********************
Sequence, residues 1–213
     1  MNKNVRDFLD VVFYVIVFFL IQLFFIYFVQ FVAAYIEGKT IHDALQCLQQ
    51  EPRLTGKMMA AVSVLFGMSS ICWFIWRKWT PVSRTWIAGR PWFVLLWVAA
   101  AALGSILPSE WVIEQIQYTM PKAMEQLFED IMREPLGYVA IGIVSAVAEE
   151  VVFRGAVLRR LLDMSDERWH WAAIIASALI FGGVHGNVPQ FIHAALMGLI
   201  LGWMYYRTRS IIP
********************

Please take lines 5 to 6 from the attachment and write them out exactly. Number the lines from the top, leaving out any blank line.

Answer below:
   151  VVFRGAVLRR LLDMSDERWH WAAIIASALI FGGVHGNVPQ FIHAALMGLI
   201  LGWMYYRTRS IIP